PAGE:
Why tensions have boiled over in Kosovo and why Novak Djokovic weighed in
Dozens of NATO troops, protesters injured Monday in Serb-populated northern Kosovo
Serbian tennis legend Novak Djokovic stirred up political controversy at the French Open on Monday, after writing a message about Kosovo on a camera lens following his first-round victory.
"Kosovo is the heart of Serbia. Stop the violence," Djokovic wrote in Serbian.
Here's more on the rising tensions between Serbia and Kosovo that Djokovic was referring to.
What's the latest on the ground?
Dozens of NATO troops secured a municipal building in the Kosovo town of Zvečan on Tuesday, after 30 NATO soldiers and 52 Serb protesters were injured in clashes the previous day.
NATO retains 3,700 peacekeeping troops in Kosovo, the remainder of an original 50,000-strong force deployed in 1999. NATO said Tuesday 700 more are on their way.
Police said in a statement that the situation is "fragile, but calm," though Serbian protesters smashed two cars belonging to journalists in the Kosovar town of Leposavic on Tuesday.
The situation is fuelling fears of a renewal of the 1998-99 conflict in Kosovo, which claimed more than 10,000 lives and left more than one million homeless.
Kosovo President Vjosa Osmani said criminal gangs, supported by Serbian President Aleksandar Vucic, aim to destabilize Kosovo and the entire region. Vucic blames Kosovo authorities for causing problems by installing new mayors despite the non-participation of the masses.
Is there a deeper conflict?
The dispute over Kosovo is centuries-old. Serbia cherishes the region as the heart of its statehood, pointing to a 1389 battle with Ottoman Turks. Also, numerous medieval Serb Orthodox Christian monasteries are in Kosovo.
Kosovo's majority ethnic Albanians view Kosovo as their country and accuse Serbia of occupation and repression. Ethnic Albanian fighters launched a rebellion in 1998 to end Serbian rule. Belgrade's brutal response prompted NATO to intervene, and Serbia withdrew, with international peacekeepers deployed.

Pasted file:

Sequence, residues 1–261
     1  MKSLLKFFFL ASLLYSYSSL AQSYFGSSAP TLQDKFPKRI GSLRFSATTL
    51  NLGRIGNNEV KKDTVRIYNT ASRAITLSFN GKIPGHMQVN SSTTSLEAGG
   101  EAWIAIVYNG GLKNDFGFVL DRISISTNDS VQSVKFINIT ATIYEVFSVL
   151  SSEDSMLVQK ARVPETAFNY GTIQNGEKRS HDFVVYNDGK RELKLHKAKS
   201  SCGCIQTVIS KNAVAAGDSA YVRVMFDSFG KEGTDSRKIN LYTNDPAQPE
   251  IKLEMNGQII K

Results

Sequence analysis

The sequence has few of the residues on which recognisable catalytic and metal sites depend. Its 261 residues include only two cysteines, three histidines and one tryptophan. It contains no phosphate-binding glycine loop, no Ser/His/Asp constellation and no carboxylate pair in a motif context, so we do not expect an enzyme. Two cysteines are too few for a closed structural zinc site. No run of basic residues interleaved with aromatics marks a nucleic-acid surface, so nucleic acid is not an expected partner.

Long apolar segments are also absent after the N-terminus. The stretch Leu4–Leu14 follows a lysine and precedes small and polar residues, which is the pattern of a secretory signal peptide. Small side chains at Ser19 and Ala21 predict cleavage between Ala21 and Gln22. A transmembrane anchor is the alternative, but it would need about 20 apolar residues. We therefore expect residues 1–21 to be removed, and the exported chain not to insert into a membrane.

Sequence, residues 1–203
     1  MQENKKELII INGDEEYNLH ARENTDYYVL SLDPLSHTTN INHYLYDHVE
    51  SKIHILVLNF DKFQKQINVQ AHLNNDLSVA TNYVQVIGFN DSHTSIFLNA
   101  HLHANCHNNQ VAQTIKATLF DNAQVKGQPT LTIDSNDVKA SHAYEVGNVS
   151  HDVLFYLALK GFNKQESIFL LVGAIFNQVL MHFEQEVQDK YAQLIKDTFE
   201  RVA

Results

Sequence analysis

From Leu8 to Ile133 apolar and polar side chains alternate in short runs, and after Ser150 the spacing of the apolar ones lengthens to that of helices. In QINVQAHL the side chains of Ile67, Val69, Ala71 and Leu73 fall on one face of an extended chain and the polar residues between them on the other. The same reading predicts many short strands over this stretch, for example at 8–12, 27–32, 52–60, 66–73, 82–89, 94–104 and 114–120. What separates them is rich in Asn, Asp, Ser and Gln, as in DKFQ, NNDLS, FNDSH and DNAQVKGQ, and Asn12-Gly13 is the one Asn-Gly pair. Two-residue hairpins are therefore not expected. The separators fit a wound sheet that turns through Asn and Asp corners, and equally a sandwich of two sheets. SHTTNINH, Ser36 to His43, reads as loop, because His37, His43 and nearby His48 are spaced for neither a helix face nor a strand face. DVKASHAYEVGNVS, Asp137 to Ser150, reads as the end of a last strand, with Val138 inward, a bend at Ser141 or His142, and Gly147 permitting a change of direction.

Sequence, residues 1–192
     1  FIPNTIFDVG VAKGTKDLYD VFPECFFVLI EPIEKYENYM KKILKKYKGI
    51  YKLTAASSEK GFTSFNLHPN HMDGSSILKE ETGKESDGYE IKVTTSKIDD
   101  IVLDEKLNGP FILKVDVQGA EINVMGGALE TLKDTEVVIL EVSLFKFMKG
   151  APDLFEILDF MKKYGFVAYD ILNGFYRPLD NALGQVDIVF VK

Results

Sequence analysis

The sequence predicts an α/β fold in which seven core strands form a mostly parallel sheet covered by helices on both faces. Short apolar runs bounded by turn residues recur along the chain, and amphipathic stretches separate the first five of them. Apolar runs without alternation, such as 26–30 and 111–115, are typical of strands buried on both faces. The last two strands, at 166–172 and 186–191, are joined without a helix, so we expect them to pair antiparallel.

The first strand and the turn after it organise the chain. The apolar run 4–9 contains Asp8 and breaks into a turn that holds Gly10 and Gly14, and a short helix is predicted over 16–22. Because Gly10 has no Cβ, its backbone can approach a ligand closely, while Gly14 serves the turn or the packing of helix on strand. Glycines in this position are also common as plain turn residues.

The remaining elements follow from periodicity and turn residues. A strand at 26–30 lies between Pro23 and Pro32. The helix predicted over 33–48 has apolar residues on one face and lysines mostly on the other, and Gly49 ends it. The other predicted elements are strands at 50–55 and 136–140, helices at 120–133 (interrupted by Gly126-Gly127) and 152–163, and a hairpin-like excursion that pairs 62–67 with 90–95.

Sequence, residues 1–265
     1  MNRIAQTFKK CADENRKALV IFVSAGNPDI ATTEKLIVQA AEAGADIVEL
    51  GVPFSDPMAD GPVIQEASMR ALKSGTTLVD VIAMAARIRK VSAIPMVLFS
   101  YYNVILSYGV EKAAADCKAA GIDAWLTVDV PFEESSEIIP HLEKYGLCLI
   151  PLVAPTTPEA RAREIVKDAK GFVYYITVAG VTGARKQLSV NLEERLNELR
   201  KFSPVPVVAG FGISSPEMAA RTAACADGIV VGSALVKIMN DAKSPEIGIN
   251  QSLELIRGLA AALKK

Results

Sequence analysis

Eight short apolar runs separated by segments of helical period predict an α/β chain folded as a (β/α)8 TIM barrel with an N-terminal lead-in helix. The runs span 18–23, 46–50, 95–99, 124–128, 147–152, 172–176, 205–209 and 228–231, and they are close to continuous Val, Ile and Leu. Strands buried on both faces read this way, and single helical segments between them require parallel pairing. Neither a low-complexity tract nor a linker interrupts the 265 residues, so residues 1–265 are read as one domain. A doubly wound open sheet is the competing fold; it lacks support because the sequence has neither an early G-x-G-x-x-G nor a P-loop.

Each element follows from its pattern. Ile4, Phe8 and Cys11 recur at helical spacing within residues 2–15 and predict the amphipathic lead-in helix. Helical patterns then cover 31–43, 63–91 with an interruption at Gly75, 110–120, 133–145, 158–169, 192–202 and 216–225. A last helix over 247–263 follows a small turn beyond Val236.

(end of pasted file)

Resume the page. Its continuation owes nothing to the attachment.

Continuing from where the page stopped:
Kosovo declared its independence in 2008, recognized by well over 100 countries, but not Russia or China.
Ethnic Albanians make up more than 90 per cent of the Kosovo population. Ethnic Serbs account for just five per cent of its 1.8 million people, but are heavily concentrated in the north near Serbia and have long demanded the implementation of an EU-brokered 2013 deal for the creation of an association of autonomous municipalities in their area.
Some 50,000 minority Serbs refuse to recognize Kosovar state institutions, receive their pay and benefits from Serbia's budget and pay no taxes either to Pristina or Belgrade.
Tensions had been ticking upward for months in a dispute that began over car licence plates.
Kosovo has for years wanted Serbs in the north to switch their Serbian licence plates to ones issued by the Kosovar government in the capital, Pristina. Last July, Pristina announced a two-month window for the plates to be switched over, triggering unrest. After EU crisis mediation, the government later agreed to push the implementation date back to the end of 2023.
Ethnic Serb mayors in northern municipalities, along with local judges and 600 police officers, resigned in November in protest of the looming switch.